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The secret lesson for corporates from the world of startups

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When ANZ chief economist, Warren Hogan recently explained Australian business’ aversion to risk, it made a lot of sense. Not only are corporates concerned about project success, they are also geared and structured towards large projects which makes it more difficult to innovate in a more “agile” manner. This gives rise to several other challenges. Without flexibility, Australian corporations are subject to:

  • Unnecessary competitive disruption – smaller businesses can easily capture mindshare, momentum and a raft of unhappy customers simply because companies don’t have the agility to address emergent threats.
  • Higher levels of customer dissatisfaction – if customer experience projects are subject to this same lack of responsiveness, then customer satisfaction is more likely to quickly result in customer churn and lower NPS.
  • Market irrelevance – today’s customer is hungry for differentiated experience. Slow response to market challenges simply means that your market moves elsewhere. And they do so “at the speed of digital”.

But all is not lost. There are four key lessons that corporates can learn from the world of startups. And they can all be easily implemented, trialled and scaled with a minimal investment. I explain more here.

Hootsuite and the Instagram Integration You’re Still Waiting For

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Instagram has been wildly successful in building an alternative and deeply connected community of users. And I say “community” for a reason. Far more than the one-to-one-to-one connection that has made Facebook so popular and adoptable, Instagram’s connection architecture provides an easy way to connect people with similar interests and passions. And it does so whether that passion lasts only an instant or a year.

And while some brands have been able to build vibrant communities around their Instagram accounts, it’s often a hit and miss affair. It’s hard to keep track of the growth of a community base, almost impossible to gather key metrics, and even the simplest publishing functionality is notably missing.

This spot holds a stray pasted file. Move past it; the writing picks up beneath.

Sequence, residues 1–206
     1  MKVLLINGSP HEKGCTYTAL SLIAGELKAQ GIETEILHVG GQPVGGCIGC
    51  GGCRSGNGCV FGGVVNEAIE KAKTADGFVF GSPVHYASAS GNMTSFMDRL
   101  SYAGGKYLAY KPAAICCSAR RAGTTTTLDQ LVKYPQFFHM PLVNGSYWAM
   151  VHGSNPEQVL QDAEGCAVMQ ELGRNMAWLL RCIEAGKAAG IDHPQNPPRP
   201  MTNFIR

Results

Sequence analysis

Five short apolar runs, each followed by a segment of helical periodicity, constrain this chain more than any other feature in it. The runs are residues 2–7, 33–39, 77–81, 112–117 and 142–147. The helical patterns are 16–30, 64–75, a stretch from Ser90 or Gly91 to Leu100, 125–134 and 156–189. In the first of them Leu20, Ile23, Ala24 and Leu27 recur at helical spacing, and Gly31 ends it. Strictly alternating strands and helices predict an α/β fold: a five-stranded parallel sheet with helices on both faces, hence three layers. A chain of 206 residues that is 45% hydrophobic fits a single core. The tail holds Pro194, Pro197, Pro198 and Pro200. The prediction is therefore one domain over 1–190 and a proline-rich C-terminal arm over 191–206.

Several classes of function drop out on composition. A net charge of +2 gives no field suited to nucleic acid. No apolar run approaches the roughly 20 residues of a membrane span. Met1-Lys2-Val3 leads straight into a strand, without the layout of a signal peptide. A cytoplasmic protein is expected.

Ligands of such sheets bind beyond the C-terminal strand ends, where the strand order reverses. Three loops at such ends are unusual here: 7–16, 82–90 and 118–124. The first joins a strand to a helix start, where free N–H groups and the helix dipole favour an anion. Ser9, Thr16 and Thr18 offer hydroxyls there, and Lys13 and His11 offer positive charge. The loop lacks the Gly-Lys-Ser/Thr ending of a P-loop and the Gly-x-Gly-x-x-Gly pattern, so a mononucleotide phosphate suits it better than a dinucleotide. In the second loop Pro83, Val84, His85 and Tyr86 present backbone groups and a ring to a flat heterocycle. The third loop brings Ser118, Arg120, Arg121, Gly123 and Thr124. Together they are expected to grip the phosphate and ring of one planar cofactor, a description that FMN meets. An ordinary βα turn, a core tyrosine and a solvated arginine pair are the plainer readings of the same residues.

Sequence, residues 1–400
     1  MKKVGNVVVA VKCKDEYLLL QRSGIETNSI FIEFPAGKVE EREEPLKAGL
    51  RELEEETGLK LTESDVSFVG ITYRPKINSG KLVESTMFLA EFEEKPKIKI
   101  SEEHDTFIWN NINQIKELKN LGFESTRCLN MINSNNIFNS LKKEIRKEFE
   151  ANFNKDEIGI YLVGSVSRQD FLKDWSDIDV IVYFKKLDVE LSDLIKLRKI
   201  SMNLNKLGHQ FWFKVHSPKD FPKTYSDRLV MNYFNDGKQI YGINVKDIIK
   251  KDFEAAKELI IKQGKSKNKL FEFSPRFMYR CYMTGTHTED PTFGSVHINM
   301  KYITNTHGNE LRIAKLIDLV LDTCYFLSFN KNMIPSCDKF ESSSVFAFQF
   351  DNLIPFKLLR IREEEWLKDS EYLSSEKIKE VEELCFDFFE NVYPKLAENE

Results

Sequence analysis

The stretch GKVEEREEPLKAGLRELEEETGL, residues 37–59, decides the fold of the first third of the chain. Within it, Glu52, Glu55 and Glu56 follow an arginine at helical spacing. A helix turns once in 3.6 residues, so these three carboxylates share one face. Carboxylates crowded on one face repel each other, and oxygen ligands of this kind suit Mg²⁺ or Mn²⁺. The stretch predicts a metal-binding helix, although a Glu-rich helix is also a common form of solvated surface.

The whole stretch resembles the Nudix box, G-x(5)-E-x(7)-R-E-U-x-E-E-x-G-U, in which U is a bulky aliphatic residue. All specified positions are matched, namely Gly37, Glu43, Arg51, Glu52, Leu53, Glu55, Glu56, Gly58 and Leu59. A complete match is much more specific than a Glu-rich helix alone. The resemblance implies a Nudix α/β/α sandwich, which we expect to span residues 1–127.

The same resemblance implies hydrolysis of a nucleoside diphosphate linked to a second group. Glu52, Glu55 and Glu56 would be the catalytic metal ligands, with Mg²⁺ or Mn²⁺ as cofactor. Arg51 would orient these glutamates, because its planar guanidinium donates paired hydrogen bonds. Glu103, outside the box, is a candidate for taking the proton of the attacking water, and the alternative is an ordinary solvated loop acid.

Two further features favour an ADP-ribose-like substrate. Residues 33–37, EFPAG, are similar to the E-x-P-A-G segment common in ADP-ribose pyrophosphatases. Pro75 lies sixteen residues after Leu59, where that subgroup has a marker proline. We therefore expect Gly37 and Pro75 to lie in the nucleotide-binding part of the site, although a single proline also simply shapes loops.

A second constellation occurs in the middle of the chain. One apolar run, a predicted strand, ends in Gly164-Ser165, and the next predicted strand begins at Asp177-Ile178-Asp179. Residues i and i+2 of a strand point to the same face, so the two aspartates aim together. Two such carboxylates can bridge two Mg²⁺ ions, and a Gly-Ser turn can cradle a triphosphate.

Until now.

Hootsuite has announced that Instagram will now be integrated into their social media dashboard. This means that Hootsuite users will be able to:

  • Schedule and publish Instagram content
  • Monitor and engage with conversations on Instagram
  • Create team based workflows.

With content marketing becoming an ever-more important component of marketing strategy, this new integration provides marketers with a simple and easy way to bring that content marketing strategy to life.

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To get started:

  • Ensure you have the latest version of Hootsuite installed on your smartphone
  • Turn on Instagram notifications in the Hootsuite Settings
  • Start publishing.

Now, for the bad news.

While you can schedule Instagram posts, you still need to manually post to Instagram from your device. The Hootsuite integration just notifies you at the appropriate time that the post is ready to go. So, unfortunately, those wanting to seriously engage with Instagram as a brand and marketing channel will need to struggle with the lack of API integration.

This means Instagram will remain a promising but ultimately immature channel for most serious brand marketing activities. At least for now.

Periscope Captures from the ADMA Global Forum

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Live streaming using apps like Periscope and Meerkat have revolutionised conferences of all kinds. No matter whether you are hosting a small lunchtime gathering of friends, colleagues or experts, or attending a massive conference, these easy-to-use apps allow you to share what you are seeing with the wider world. Or at least those who follow you on social media.

With this in mind, I thought I’d put both Meerkat and Periscope through their paces at the ADMA Global Forum. The ADMA Global Forum brings the world’s leading data driven marketers together to share insights, best and emerging practices, case studies and strategies. This year, there is strong representation from technology firms with good stories to tell. Oracle, IBM and Marketo are represented. Facebook is too. I also dropped by the stands of IVE, Minfo, and others. This year is an improvement on last, but there’s more work to be done on their exhibition stands and their ability to talk to marketers on their own terms. If you have a tech brand needing to talk “marketing”, then maybe we should talk too.

I live streamed and recorded a number of sessions and embedded them below. Tomorrow I will go deeper. Do some interviews. Chat with the teams on the exhibition stands and some of the audience. Let me know what you’re interested in and I will see who I can talk to.

@AndyVen from TheOutNet

Marketing Automation with @Missguided

Case study from @Missguided

Case study from Bosch

Case study from Regions Bank

Content Strategy from @TheOutNet

Case study from Getty Images

Personalisation strategy from Sitecore ANZ